The student news site of Carlmont High School in Belmont, California.

Scot Scoop News

The student news site of Carlmont High School in Belmont, California.

Scot Scoop News

The student news site of Carlmont High School in Belmont, California.

Scot Scoop News

Opinion: Music is the new medicine

Rei Baxter
Playing music with a guided therapy session helps to heal the mind. Music therapy ranges from listening to playing music with a licensed therapist to help a patient achieve their goal.

A quick pluck of a string goes so far that its sound waves unravel the tight chains that mental disorders use to suppress brain stimulation. 

Music therapy can solve neurological disorders, maybe even better than modern-day medicine.

Music therapy is a practice that uses music to reach a patient’s goals of improvement, whether that is mental or physical health. According to the Cleveland Clinic, it is more in-depth than simply listening to music at home, as a certified therapist leads it.

Music works in a similar way to antidepressants. According to the National Library of Medicine (NLM), music stimuli contribute to the production of endorphins and hormones connected with the regions of the brain affected by disorders like depression and anxiety.

According to a study by Harvard Health, music listeners show much better mental well-being and reduced anxiety. Most surveyed individuals also note better health, whether that refers to happiness, good brain health, or improved cognitive functions, especially among the elderly. 

These results are not arbitrary either. Harvard researchers have found evidence that music is connected to brain activity affected by specific disorders.

Most anxiety medications are antidepressants, medicine that focuses on chemicals that affect the mood. According to the NLM, patients with depression are found to have reduced volumes in the regions of the brain that produce dopamine, serotonin, etc. Several studies on antidepressants reveal increased volumes of those same regions.

Additionally, music therapy improves cognitive functions and memory. Multiple clinical trials have shown evidence that music increases the cognitive functions and quality of life of individuals living with dementia.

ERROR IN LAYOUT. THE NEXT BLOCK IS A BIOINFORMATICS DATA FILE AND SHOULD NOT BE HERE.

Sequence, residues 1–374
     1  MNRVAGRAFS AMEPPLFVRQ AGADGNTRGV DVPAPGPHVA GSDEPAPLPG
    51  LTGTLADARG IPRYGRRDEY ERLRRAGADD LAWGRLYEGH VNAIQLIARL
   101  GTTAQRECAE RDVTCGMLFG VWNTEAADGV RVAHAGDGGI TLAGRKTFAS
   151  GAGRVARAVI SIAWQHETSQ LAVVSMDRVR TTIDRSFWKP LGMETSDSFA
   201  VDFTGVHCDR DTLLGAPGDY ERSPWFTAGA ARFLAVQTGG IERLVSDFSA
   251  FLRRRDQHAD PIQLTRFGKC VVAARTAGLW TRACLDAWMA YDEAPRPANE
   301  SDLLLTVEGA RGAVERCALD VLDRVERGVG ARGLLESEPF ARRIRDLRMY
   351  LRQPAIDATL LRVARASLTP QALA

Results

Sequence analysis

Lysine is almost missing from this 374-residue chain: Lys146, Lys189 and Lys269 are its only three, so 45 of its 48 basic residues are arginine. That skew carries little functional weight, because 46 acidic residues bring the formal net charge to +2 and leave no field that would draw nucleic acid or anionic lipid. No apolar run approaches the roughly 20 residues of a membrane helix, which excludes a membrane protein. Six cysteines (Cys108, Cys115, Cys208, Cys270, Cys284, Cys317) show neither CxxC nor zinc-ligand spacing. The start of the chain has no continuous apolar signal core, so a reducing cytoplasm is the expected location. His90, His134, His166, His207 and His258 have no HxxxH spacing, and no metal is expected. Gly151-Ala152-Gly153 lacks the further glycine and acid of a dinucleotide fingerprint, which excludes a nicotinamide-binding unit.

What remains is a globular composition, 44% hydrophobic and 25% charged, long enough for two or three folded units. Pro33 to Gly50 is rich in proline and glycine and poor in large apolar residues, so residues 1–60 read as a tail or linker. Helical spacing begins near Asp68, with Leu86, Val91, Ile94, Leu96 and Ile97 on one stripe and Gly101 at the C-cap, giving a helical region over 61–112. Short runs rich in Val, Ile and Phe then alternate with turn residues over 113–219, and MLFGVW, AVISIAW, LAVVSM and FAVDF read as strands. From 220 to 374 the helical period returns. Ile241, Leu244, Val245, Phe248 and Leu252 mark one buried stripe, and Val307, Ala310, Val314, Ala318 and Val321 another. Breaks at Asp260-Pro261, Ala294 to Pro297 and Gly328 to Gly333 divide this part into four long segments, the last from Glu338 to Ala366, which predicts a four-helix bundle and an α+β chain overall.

Because music therapy and antidepressant medications often produce similar results, patients with less severe cases should consider music because of its unlimited supply and lack of side effects.

Since medicines require many resources, there are limited supplies. According to the Food and Drug Administration, the antidepressant sertraline, or Zoloft, has become limited, mainly due to an increase in prescriptions being filled.

Additionally, while music therapy and medicine both come with risk factors, the risks of medicine are much more dire. 

For example, according to the Mayo Clinic, some of the more problematic side effects of alprazolam, or Xanax, are shakiness, unsteady walking, difficulty sleeping, and issues with coordination. There are also uncommon but more severe effects, which include seizures, loss of self-control, dizziness, loss of touch with reality, pain, and much more.

Music may cause uneasiness or overstimulation, but those problems can be overcome with different types of music or different levels of exposure.

That’s not to say that patients should stop using medicine altogether. However, music therapy should be an option that is more accessible to the public.

Unfortunately, music therapy is not as widely used as it should be. According to a study by Katie Fitzpatrick, Professor Dominic Harmon, and Professor Hilary Moss, 45% of people never even heard of music therapy, and 40% noticed barriers to online access.

Music therapy is indeed gaining popularity, but medicine still dominates the mental health industry. 

People should learn to embrace music therapy as a viable alternative to medicine.

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About the Contributor
Rei Baxter
Rei Baxter, Highlander Editor
Rei Baxter is a junior at Carlmont High School and a staff writer for Scot Scoop. They love the arts, music, writing, and science. They hope to contribute more to the community this year. To check out their journalism portfolio, click here.

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